Editor’s note: This story has been updated to provide more context regarding the Milwaukee Police Department’s relationship with the city’s Office of Violence Prevention.
The Milwaukee Fire and Police Commission is conducting a review to determine whether a full investigation should be ordered after the release of a video featuring the questioning of a prominent Milwaukee developer by the Milwaukee Police Department.
The video, which some allege was leaked by the MPD, was part of an investigation into an alleged sexual assault.
The ongoing review was confirmed by Griselda Aldrete, executive director of the commission, during a community listening session Monday that featured recently reappointed Police Chief Alfonso Morales at UMOS, 2701 S. Chase Ave.
The video shows Kalan Haywood Sr., who was accompanied by Steven DeVougas, a lawyer and chairman of the commission, being questioned by police. Haywood is the founder of the Haywood Group, a prominent real estate development, investment and consulting firm.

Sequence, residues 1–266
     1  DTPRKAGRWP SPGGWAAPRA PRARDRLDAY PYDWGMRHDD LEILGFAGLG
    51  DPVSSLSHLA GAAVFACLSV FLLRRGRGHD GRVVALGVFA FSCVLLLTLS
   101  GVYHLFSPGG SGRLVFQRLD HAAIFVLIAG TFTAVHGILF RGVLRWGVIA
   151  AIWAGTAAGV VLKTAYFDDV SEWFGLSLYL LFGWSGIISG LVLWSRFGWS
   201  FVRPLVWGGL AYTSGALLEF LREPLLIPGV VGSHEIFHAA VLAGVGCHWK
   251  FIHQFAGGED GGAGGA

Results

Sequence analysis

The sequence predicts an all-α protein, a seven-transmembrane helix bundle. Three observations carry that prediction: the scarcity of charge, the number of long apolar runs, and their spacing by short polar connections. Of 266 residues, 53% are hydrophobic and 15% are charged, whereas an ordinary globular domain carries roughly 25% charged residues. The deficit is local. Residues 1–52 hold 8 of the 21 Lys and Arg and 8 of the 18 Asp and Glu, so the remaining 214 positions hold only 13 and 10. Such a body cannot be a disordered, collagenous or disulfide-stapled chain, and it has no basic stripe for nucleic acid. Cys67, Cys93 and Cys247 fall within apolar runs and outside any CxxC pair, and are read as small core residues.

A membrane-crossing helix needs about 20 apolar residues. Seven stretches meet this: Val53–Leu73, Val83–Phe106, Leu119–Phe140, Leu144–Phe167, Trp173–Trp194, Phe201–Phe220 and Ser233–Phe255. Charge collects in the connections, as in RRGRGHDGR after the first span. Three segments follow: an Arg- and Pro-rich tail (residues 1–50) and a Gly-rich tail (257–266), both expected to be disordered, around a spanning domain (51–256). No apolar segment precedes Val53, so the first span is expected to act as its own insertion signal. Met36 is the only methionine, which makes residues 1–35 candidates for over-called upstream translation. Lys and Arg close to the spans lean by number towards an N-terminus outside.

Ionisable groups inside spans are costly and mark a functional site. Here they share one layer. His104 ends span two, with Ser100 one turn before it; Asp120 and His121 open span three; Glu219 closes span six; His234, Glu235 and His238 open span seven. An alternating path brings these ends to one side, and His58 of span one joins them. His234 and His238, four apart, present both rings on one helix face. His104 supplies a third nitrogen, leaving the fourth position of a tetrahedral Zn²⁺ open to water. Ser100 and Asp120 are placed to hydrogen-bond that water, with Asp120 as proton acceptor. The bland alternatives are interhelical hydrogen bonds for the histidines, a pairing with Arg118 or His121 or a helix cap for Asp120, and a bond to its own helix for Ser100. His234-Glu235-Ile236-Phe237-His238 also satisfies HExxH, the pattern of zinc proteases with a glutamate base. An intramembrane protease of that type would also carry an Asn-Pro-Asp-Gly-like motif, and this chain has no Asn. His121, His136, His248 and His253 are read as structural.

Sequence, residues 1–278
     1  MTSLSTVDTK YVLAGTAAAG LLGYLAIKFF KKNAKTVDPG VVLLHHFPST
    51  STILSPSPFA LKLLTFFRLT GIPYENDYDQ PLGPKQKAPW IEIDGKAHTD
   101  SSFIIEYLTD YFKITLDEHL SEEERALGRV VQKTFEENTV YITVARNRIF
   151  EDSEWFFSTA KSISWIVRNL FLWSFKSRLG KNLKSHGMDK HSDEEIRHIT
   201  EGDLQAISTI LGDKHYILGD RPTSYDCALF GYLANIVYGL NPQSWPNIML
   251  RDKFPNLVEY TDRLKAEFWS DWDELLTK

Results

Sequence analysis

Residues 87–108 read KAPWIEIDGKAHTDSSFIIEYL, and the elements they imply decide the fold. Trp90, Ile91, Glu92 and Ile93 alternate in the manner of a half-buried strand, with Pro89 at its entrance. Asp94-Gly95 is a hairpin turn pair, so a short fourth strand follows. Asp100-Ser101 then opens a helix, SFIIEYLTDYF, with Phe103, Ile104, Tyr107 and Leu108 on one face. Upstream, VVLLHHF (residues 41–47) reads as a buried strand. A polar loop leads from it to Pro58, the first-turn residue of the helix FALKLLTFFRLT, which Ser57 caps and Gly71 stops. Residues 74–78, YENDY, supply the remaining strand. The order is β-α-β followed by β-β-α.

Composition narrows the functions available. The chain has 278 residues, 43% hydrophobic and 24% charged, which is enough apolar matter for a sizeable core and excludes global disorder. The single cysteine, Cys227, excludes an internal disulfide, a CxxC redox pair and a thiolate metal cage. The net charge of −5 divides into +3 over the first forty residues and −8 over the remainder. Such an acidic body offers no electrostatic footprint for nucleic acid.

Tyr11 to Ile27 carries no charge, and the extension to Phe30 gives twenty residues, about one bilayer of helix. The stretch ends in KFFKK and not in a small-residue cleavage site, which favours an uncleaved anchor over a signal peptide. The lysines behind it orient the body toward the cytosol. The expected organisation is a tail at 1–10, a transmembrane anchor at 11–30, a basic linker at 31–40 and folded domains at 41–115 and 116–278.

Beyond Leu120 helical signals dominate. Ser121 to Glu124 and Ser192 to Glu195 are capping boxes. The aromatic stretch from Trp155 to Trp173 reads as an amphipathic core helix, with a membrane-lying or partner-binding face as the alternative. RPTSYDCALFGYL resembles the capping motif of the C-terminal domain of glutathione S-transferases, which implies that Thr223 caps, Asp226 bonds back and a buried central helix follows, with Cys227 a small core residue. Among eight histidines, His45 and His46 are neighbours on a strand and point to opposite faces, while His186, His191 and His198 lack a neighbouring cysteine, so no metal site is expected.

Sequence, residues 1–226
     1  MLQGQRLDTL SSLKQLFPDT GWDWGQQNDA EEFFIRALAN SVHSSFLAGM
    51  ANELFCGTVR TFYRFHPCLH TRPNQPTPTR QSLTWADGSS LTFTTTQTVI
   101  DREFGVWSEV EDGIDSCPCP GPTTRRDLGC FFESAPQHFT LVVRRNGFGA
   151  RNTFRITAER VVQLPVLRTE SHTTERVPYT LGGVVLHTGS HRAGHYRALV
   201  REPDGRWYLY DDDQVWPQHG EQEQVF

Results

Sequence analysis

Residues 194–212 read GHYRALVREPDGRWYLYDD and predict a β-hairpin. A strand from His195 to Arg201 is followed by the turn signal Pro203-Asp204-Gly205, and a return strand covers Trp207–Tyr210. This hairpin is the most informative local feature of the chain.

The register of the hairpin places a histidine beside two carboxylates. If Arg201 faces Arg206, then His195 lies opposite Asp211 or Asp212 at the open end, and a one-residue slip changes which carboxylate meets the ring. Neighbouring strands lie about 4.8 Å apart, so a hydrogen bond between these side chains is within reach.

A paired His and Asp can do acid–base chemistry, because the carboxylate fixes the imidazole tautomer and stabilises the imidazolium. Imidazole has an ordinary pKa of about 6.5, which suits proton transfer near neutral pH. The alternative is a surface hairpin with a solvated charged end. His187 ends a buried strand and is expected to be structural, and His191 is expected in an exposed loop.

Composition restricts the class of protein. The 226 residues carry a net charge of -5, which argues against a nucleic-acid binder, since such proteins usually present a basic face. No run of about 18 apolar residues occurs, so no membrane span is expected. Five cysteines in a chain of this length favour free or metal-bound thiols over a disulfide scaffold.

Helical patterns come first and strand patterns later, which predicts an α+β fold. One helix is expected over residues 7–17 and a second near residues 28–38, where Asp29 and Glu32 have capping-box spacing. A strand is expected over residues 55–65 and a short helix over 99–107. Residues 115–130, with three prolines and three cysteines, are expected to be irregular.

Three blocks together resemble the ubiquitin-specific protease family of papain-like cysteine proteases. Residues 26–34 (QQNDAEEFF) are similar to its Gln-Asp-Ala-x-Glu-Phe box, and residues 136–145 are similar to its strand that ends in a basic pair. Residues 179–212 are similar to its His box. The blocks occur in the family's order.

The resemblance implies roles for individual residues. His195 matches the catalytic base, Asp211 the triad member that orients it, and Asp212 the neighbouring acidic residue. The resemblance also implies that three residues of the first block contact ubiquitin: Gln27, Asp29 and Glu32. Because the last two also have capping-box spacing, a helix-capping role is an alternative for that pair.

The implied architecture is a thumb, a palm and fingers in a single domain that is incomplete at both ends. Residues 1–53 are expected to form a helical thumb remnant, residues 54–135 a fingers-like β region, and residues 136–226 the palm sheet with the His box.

Some have called the leak of the video a political maneuver to push forward the confirmation of Morales in late December. Others have accused DeVougas of violating ethics guidelines in support of a client. The leak also was heavily criticized by several Common Council members during a recent meeting of the Steering and Rules Committee.
If a full investigation is ordered, it would be conducted by an outside party, Aldrete said. No timeline for the decision was provided nor was more information given on whether or not a complaint prompted the commission’s review.
The announcement came after community members grilled Morales about the video.
“I didn’t leak any video, and I’m looking into it,” Morales said several times without specifically confirming whether or not an investigation was taking place. “We’re looking into it, and we’re looking into ways to prevent leaks from happening,” he added later.
Praise – and condemnation
The two-hour meeting teetered back and forth between criticism of Morales and the MPD and praise for the department.